Experts say, legal barrier restrict telehealth’s reach

Telehealth software and remote patient monitoring software can give patients access to healthcare. Infact, telehealth can provide patients access to care no matter where they are geographically, according to proponents. Stakeholders from Walgreens and American Well to Blue Cross Blue Shield and the Department of Veteran Affairs have used the word “anywhere” to promote their work in the realm of telehealth.

But, legal experts mentioned in the 2018 Public Health Law Conference, “anywhere” may be bit of a stretch.

Whether medical professionals can treat someone via telehealth varied widely by jurisdiction, since medical practice is regulated at the state level. All 50 states and most of the territories at least had one law referring to telehealth according to Dawn Pepin, J.D., a public health analyst with the Public Health Law Program (PHLP) at the Centers for Disease Control and Prevention (CDC), which analyzed 2,233 telehealth-related statutes and regulations.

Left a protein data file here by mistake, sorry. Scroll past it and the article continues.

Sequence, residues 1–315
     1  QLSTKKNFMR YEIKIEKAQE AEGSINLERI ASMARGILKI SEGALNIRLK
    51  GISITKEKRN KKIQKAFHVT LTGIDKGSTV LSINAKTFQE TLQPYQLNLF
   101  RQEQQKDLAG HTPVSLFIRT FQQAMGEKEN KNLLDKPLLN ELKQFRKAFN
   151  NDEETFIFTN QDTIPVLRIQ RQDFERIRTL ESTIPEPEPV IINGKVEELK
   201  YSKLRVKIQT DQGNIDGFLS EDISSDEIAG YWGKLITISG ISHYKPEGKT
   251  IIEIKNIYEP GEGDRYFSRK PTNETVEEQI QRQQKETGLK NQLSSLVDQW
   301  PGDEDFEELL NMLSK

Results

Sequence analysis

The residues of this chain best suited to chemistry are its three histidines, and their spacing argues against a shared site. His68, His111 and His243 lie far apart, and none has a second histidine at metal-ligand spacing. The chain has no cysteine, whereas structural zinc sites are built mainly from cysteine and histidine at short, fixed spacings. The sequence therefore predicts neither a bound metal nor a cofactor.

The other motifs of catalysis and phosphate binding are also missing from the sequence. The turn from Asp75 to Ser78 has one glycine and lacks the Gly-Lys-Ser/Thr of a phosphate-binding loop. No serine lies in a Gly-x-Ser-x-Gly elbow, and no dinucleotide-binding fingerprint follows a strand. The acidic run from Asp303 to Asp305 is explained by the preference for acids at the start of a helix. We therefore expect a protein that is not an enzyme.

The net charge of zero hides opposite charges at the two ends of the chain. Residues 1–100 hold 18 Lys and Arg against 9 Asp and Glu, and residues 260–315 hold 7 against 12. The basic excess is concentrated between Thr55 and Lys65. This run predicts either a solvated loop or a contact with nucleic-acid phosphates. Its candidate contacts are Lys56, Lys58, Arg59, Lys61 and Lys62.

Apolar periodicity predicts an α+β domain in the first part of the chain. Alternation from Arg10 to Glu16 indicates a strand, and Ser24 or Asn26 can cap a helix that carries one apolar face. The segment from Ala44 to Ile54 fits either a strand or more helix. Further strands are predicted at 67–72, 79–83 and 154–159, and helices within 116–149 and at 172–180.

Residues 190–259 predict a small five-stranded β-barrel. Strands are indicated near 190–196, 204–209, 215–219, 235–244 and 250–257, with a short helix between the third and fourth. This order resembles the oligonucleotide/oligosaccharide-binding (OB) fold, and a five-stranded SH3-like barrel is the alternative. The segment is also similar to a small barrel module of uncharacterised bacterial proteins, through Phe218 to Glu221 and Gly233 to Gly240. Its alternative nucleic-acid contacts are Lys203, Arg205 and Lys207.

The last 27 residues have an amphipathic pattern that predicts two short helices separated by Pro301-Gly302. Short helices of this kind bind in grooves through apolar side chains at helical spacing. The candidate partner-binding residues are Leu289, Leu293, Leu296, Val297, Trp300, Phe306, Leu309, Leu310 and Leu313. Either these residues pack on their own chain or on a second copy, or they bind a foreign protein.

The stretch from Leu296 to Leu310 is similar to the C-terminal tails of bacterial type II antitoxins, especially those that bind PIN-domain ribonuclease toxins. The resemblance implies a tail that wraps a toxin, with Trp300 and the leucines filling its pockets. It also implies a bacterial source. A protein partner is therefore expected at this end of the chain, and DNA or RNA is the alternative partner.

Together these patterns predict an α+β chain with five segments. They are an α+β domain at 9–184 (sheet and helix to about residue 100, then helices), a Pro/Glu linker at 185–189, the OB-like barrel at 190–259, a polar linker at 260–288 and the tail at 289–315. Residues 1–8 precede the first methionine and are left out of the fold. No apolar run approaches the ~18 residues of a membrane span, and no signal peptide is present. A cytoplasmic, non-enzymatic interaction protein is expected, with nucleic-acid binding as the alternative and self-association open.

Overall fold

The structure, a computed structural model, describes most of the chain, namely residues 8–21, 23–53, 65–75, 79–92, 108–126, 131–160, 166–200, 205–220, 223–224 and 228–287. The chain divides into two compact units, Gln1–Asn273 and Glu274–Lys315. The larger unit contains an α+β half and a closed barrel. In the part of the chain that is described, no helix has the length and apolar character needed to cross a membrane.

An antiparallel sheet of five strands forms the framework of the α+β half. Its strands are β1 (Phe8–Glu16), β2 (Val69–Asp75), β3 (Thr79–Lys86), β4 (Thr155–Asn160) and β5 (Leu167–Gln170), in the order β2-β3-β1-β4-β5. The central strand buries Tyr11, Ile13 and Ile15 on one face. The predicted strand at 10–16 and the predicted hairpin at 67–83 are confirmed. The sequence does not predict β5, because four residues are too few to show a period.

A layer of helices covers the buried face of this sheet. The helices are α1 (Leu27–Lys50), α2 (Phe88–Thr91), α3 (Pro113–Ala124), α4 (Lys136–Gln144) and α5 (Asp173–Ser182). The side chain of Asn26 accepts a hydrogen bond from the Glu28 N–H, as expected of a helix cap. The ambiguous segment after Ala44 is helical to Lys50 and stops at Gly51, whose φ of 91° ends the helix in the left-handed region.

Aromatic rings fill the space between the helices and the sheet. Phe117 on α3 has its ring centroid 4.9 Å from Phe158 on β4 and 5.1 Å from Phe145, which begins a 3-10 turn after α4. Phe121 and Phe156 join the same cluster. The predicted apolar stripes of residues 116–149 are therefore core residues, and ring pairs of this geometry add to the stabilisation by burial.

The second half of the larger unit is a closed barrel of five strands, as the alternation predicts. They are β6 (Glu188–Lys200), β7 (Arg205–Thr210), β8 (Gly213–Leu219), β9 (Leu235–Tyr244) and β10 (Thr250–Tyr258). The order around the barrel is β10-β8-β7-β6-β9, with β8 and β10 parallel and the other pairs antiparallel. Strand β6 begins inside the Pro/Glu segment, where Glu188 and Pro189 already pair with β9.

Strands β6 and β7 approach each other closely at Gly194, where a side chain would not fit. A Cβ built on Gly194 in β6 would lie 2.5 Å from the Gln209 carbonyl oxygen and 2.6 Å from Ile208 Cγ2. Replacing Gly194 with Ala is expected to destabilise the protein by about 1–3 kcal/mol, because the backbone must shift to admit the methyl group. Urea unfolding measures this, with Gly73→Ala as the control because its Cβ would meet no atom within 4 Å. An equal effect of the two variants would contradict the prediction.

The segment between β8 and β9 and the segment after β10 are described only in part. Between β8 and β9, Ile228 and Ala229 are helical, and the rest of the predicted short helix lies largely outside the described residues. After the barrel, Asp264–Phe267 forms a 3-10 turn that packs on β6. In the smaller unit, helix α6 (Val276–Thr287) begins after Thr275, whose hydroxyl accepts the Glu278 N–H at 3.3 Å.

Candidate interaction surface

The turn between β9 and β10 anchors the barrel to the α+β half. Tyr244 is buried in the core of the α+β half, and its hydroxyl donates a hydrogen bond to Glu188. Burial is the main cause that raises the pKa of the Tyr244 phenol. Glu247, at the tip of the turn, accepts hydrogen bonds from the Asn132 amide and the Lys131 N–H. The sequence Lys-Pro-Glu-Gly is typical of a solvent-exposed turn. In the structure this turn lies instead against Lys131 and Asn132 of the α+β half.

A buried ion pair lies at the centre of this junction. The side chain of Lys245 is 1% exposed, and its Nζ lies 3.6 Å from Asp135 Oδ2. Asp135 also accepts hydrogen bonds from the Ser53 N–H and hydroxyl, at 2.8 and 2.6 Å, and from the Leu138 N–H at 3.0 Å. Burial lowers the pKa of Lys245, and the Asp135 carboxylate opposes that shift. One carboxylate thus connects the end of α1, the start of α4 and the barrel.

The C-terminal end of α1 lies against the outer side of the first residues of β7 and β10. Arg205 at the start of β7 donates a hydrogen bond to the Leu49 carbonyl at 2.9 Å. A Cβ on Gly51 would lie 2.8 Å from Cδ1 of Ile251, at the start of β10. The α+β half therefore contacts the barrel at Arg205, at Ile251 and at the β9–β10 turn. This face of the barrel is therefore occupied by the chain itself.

Each state may have multiple laws that describe every single aspect of telehealth and they set forth how its going to be regulated, says Pepin. Some build telehealth regulations into broader laws about medicine, pharmacy, dentistry and so on. Thus, at times there are detailed laws regarding telehealth that restrict its utility.